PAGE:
What is Bulk Density?
Ask people what a plant needs to grow and you will probably get answers such as, “sun, water and soil”. The soil provides important nutrients (and fungal associations) to the plant, but also needs to have right physical properties to allow a root to grow and penetrate. The physical growth of the root is quite dependent of the soil in which it is trying to grow.
One important measurement in determining the ability for a root to penetrate the soil is bulk density. Bulk density is the weight of dry soil per volume (grams/cm3). This value reflects soil texture and compaction. In addition to affecting the ability of a root to grow, bulk density will affect infiltration, water capacity, porosity, nutrient availability and soil microorganism activity.
Bulk density can be measured by collecting a known volume of soil and then measuring the dry weight of the soil. At Greenacres, we use one of two methods, depending on our location. In the pastures, easily accessible by the soil probe, we can collect a sample in a plastic sleeve. The tube is then cut into known lengths to determine volume and the soil sample dried. In the woods, we collect the sample by hand by driving a cylinder (known volume) into the ground and collecting the sample.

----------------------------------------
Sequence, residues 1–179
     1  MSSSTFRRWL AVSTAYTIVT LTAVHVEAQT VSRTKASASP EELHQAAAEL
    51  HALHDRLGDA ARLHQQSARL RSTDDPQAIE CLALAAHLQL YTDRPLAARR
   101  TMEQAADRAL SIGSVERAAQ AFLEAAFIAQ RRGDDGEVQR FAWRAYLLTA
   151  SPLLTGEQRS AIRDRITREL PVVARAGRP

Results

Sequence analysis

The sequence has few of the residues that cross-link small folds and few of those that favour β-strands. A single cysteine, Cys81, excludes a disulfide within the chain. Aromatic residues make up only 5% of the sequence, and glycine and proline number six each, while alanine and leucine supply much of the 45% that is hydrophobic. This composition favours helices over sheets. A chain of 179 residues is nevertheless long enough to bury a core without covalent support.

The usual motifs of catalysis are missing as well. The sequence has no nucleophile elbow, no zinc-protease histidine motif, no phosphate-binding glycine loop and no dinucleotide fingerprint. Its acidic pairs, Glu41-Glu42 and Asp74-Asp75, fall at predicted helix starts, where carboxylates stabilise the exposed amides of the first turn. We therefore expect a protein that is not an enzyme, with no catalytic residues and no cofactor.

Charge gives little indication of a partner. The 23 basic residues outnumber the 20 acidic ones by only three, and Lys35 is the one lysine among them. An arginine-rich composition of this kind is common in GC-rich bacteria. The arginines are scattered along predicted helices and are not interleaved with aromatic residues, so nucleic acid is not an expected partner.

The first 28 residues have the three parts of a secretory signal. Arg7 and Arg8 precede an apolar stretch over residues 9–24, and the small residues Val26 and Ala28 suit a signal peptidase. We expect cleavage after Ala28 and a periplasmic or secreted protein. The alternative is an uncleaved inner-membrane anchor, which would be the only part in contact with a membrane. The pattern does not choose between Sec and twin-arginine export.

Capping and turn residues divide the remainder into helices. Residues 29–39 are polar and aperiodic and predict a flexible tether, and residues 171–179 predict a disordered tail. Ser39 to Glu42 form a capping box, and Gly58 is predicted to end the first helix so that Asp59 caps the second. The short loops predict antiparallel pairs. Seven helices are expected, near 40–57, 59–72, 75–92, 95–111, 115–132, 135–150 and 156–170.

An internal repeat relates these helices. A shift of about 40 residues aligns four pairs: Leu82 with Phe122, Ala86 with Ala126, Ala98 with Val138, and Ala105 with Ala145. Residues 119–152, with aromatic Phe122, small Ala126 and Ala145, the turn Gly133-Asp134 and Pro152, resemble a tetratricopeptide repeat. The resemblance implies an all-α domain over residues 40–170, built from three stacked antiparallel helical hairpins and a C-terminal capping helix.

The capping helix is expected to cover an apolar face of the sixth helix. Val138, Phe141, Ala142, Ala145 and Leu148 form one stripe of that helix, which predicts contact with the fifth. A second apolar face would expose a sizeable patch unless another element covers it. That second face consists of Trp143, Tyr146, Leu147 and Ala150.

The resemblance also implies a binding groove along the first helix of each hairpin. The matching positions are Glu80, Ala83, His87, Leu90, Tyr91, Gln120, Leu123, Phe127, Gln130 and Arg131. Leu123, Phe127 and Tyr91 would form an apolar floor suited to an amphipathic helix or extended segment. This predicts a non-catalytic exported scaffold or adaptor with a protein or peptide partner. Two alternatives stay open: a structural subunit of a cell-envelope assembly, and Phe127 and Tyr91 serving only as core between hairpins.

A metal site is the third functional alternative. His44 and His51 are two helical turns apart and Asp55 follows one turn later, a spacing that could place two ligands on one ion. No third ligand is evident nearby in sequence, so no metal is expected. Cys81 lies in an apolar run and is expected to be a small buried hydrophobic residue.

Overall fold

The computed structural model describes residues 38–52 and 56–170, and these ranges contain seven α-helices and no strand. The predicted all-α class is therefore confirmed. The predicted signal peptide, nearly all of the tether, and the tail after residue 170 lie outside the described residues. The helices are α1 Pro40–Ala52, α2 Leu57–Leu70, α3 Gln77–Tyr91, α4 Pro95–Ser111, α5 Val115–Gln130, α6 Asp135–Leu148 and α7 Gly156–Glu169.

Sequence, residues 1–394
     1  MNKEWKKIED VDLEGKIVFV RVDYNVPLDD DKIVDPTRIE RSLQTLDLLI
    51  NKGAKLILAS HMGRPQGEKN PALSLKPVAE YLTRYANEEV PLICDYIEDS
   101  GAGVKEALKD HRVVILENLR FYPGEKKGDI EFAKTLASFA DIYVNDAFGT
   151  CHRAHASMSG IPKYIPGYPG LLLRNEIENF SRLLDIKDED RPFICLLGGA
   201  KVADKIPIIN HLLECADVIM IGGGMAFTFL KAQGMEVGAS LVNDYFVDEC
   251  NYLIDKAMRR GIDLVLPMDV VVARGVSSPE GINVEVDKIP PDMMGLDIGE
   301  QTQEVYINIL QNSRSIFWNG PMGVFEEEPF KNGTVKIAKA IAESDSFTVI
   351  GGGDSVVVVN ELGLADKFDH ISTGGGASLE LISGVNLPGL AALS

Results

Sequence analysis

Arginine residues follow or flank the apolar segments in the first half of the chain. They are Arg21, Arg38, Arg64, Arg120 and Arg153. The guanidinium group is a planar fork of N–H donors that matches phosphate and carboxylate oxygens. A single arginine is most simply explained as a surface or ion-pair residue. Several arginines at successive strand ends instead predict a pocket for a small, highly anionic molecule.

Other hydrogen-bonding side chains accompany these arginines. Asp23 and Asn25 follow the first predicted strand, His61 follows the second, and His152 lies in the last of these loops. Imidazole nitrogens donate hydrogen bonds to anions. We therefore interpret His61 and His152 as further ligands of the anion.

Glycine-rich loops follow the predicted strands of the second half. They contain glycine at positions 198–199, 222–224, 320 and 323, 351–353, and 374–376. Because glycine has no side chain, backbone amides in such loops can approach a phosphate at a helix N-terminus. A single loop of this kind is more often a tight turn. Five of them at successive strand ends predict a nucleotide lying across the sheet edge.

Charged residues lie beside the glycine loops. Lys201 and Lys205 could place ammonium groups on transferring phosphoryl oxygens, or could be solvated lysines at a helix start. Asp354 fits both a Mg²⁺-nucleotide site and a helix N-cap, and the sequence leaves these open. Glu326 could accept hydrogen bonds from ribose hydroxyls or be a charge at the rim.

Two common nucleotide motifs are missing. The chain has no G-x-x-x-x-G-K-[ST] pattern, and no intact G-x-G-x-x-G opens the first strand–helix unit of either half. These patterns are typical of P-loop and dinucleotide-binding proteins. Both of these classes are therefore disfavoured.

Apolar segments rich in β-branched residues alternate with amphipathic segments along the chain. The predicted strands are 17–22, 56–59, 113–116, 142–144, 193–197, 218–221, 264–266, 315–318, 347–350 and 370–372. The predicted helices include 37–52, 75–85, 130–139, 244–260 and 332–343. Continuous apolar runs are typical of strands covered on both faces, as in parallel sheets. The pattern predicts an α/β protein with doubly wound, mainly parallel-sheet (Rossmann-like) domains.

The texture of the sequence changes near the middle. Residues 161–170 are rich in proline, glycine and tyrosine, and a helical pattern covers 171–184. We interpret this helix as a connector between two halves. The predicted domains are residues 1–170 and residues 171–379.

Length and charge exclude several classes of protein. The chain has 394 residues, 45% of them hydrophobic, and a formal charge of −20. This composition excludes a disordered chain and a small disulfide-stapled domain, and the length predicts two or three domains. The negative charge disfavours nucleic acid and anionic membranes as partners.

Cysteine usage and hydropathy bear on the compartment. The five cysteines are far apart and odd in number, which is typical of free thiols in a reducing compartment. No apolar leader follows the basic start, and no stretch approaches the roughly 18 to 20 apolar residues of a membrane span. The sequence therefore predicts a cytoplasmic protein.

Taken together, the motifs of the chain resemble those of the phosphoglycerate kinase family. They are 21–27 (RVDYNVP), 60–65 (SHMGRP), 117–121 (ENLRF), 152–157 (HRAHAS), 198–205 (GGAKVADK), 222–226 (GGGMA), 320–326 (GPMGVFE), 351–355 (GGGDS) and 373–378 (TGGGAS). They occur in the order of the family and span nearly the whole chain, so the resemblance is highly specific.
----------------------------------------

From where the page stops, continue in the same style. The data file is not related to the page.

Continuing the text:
Table 1 compares some bulk densities across Greenacres properties. In general, bulk densities below 1.6 grams/cm3 are good for root growth. The soil in Lewis Township is more compact and has a higher bulk density compared to the pastures at Indian Hill. The management of these soils contributed to this difference.
Table 1. Bulk densities were measured across 3 Greenacres sites: Beech Maple Woods, Front Nippert Pasture and Lewis Township field.
|Location||Bulk Density (grams/cm3)|
|Beech Maple Woods (transect 1) (0-10 cm)||1.05|
|Front Nippert (pasture) (0-10 cm)||1.1|
|Lewis Township (historically soybean field) (0-10 cm)||1.61|